By REBECCA ISENHART
NISKAYUNA — What’s not to love about a short, sweet story about an adorable puppy reunited with his horse and human friends?
That’s the premise, of course, of the best-loved commercial of the 2015 Super Bowl: Budweiser’s insanely popular “Lost Dog” ad, which has over 26 million views on YouTube alone.
But if you ask SAPE (Students Advocating a Positive Environment), a club at Niskayuna High School, they’ll tell you that one aspect of the commercial is something less than lovable: the fact that a beermaker paid $9 million to put it on the air during one of television’s most heavily watched events.
“It’s kind of scary how people like the Budweiser commercial,” junior Regina Neri said the Wednesday following the Super Bowl.
As they do each year the day after the Super Bowl, club members asked high school students during homeroom period what had been their favorite commercials after the advertising-heavy broadcast. This year, of 276 students in grades nine through 12 who answered the survey, 105 said their favorite commercial was either “Lost Puppy” or “Budweiser.”
“You see it at the end,” after the commercial’s emotionally affective story has already drawn you in, Neri said. “You’re like, ‘Wow, I don’t see how this connects.’ ”
Still, even though the ad had nothing to do with beer except for a quick flash of the brand name at the end, everyone typically remembers who sponsored the spot.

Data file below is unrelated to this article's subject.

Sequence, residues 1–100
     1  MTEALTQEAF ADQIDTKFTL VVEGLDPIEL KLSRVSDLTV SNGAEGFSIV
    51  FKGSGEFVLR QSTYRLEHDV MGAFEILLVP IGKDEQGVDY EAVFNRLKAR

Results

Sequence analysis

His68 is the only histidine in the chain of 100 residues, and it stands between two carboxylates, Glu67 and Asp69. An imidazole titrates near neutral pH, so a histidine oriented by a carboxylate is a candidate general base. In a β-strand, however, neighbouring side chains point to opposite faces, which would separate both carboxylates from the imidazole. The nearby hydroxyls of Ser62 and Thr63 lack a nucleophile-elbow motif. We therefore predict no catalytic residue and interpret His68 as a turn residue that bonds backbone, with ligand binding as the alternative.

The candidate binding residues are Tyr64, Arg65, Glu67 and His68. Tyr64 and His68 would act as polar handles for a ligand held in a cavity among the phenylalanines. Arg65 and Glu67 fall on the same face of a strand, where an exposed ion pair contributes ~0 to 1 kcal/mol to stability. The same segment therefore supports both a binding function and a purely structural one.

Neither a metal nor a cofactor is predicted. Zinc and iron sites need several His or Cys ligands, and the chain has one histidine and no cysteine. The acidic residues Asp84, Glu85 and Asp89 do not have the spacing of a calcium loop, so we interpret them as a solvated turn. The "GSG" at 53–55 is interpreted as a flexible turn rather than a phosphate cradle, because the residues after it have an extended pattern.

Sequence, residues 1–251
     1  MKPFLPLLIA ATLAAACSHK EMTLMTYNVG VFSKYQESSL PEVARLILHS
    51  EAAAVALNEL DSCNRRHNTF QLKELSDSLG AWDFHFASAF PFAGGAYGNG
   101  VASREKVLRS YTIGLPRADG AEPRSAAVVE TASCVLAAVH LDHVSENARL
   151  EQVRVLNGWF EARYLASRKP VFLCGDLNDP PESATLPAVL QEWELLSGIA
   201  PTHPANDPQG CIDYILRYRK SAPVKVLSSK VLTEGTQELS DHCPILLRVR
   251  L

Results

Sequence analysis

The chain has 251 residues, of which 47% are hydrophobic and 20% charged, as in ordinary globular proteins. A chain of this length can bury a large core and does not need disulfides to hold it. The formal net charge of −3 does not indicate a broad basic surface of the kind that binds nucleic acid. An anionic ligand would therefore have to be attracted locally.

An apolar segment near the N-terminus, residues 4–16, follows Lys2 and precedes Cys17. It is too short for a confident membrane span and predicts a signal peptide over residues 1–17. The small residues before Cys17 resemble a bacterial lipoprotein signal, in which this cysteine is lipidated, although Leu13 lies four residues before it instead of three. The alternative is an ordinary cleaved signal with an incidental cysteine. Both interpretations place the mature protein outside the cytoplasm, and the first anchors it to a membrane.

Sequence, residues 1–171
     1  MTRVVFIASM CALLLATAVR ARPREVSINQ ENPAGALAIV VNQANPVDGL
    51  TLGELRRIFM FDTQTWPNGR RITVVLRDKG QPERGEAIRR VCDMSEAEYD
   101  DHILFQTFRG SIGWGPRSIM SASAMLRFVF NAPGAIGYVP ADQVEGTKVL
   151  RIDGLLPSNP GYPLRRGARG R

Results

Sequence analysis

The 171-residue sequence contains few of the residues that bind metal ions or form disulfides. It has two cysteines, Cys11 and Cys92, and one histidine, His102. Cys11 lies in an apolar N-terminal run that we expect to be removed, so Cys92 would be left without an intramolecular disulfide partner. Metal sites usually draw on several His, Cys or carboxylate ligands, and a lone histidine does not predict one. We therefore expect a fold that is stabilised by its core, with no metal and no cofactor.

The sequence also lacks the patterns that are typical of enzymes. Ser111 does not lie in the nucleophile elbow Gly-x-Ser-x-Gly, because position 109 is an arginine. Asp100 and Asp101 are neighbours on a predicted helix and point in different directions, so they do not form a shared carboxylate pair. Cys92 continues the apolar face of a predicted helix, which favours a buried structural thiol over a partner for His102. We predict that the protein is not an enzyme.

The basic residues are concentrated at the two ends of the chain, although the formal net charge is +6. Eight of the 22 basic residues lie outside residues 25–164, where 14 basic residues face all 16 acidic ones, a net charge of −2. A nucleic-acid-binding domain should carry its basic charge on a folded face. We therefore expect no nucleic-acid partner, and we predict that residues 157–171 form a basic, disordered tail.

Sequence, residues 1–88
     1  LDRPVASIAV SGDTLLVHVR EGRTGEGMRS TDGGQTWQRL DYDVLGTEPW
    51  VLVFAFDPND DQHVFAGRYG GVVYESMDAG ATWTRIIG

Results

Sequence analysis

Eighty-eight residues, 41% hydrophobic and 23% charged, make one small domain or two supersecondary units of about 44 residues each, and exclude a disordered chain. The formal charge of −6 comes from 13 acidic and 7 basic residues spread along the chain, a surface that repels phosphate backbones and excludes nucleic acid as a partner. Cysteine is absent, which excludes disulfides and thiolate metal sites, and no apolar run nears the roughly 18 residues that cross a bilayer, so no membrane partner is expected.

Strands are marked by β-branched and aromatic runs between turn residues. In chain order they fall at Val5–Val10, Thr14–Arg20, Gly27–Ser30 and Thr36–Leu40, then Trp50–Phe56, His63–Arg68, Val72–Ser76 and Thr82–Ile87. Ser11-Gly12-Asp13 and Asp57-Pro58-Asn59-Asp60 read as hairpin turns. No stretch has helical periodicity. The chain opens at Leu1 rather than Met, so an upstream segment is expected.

“It attracts people of all ages, not just adults,” Neri added.
Freshman Spencer Legere said he was drawn in by the emotional appeal of the Budweiser ads, not just this year, but several years running.
“The Budweiser ones make it so attractive,” he said. “I would die if my dogs were lost.”
But does an eye-catching and memorable ad really encourage kids to drink, even if the ad’s imagery features horses and puppies rather than beer?
Richard Marine, a member of N-CAP (Niskayuna Community Action Program), led the club during their tallying session after the Super Bowl. He said it’s hard to be sure, so it’s important to be careful.
“I think that when they make commercials that tug at heartstrings, it imprints the commercial and the brand,” he said.
“This is the time when children, including high schoolers, are making decisions that can be good or bad,” he added. He said discussion is important to keep them from bending to media pressure, especially the kind they don’t easily recognize.
Runner-up ad favorites among the high school set were pretty harmless. Clash of Clans, a game app, and Doritos were tied with 34 votes each.